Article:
"Festivals of Light" A Multicultural Celebration in Brooklyn

Judith Y. Singer and Alan Singer
Winter lights are a special holiday symbol that join together people and cultural experiences from all over the world. They express people's hopes for peace, freedom, and understanding. At the Morris L. Eisenstein (MLE) Learning Center in Brooklyn, New York, the children, staff, and parents have developed their own special winter celebration, the multicultural "Festivals of Light." During the Festivals, all share the customs, ideas, and joys of Diwali, Hannukah, Loi Krathong, Kwanzaa, Nacimiento, and Christmas. The celebration also includes the Learning Center's own International Torch of Peace, dramatic presentations, stories, songs, and candle-lighting ceremonies. The population of the Learning Center and its surrounding East New York, Brooklyn, community is largely African American, Caribbean and Latino. The staff, the community board, and parents are committed to a program that explores cultures within the community and from all over the world. According to Theodora Harbour-Ridley, Director of the MLE Learning Center, "In the past, we had some children and staff who celebrated these holidays as part of their home cultures. We don't want to lose these celebrations at the Learning Center, just because children grow older or families move away."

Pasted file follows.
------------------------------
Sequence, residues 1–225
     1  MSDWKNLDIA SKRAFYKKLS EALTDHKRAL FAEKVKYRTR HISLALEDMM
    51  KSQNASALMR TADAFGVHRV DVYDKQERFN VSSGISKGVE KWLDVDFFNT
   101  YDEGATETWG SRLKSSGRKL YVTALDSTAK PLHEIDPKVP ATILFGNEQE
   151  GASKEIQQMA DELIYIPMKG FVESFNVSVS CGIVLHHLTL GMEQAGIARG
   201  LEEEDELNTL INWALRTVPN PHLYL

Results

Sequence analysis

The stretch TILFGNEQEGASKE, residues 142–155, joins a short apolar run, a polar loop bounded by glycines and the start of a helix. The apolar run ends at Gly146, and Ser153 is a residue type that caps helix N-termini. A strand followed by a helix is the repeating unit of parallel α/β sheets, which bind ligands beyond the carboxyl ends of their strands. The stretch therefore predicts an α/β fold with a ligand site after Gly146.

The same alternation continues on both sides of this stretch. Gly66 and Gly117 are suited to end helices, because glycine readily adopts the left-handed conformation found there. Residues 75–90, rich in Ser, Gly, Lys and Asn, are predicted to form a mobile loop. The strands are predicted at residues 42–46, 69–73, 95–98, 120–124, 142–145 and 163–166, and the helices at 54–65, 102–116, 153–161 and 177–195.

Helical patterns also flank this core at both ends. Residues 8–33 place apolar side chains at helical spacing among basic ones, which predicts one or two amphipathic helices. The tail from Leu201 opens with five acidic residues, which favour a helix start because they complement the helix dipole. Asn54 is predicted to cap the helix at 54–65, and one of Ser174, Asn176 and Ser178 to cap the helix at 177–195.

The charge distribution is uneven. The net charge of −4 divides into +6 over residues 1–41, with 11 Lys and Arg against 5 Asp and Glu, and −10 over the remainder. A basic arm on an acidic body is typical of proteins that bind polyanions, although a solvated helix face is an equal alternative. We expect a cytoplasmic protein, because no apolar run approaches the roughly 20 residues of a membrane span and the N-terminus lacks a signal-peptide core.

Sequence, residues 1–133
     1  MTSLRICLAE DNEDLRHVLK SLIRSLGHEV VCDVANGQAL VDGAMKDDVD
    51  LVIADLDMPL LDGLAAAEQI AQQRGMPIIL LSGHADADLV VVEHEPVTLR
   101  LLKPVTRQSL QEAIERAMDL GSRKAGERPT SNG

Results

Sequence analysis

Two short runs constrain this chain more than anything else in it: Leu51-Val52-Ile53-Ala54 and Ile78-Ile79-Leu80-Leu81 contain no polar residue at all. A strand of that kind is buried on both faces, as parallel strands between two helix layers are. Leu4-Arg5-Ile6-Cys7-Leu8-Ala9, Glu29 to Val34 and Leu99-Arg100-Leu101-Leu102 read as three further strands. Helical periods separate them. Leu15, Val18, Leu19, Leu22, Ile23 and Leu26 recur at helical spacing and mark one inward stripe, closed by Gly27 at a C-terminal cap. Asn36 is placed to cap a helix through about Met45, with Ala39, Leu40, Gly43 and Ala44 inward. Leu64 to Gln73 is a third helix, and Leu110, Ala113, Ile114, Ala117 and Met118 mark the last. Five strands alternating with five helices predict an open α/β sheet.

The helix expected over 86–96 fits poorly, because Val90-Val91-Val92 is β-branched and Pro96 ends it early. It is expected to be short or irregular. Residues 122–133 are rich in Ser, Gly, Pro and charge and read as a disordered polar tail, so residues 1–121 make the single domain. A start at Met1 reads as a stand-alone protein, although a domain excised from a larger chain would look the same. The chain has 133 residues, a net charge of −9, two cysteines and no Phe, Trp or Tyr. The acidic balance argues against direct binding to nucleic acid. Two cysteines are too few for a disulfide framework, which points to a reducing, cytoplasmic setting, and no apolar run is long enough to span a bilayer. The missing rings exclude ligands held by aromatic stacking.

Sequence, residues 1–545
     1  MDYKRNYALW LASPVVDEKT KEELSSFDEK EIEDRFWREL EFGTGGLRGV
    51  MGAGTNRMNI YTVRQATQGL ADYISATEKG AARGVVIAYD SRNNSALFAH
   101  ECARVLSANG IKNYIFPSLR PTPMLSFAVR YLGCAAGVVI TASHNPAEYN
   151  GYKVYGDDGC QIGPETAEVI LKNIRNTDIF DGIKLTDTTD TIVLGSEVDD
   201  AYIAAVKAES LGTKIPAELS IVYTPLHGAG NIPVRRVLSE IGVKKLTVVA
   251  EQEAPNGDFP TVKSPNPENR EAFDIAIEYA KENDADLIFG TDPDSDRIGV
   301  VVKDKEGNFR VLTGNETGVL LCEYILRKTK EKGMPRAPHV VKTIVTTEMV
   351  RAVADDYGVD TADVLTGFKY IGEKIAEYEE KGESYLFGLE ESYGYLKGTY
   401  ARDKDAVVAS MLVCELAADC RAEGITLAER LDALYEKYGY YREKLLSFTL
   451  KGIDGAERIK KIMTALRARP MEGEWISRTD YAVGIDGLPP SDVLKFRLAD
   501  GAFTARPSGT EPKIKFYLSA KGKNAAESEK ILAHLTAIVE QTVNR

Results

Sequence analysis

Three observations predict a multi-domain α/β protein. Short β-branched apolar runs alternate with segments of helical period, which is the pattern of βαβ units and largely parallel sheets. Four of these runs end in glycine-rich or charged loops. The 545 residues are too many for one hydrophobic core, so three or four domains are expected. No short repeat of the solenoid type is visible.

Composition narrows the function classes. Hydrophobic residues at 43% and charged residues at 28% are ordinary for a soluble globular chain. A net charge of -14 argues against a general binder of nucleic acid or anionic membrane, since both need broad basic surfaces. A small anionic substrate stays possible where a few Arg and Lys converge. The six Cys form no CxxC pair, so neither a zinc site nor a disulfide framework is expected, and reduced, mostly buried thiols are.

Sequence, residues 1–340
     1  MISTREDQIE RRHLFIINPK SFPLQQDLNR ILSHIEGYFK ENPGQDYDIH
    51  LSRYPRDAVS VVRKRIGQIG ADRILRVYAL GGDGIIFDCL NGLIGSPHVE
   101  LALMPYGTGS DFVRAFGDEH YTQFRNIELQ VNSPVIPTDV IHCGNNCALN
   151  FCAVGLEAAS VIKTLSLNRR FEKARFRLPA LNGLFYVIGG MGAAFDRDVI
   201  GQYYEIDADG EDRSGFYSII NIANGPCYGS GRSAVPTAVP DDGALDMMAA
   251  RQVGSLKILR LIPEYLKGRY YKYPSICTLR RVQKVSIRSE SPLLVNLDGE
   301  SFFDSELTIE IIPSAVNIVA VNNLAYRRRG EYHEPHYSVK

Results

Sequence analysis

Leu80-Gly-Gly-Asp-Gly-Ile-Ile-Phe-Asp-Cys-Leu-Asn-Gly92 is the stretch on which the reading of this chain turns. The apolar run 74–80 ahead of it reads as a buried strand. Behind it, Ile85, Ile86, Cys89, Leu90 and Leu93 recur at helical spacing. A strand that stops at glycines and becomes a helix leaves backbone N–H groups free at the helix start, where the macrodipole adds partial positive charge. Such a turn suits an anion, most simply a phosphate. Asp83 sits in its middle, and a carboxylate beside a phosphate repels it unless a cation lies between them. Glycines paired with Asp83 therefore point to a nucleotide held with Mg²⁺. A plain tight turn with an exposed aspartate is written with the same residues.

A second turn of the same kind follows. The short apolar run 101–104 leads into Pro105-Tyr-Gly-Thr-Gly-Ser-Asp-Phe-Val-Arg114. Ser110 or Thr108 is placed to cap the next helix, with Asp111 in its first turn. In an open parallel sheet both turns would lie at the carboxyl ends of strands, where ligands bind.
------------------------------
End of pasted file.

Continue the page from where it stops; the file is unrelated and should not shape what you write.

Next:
The winter festivities reflect the Learning Center's multicultural educational philosophy. The culture of each member of the Learning Center community is recognized so that children, parents, staff, and board members see that their customs and beliefs are important to everyone else. Including as many holidays as possible also allows the children and staff to learn how the goals and concerns of people all over the world are similar to each other, even though they are expressed in different ways. An overarching goal of the Learning Center is to help children learn about the ideas, values, and practices of a wide variety of people so they may grow into confident, informed citizens of the world.

Assistant Director May Harrison Isles, whose parents are immigrants from Cuba, believes that ceremonies like the "Festivals of Light" make it possible for children and adults to "learn about themselves as they learn about others. As I grew up, I took my culture for granted. I thought that's just the way people did things. I began to look more closely at what I believe, when I started to learn about other people."

Sharing Stories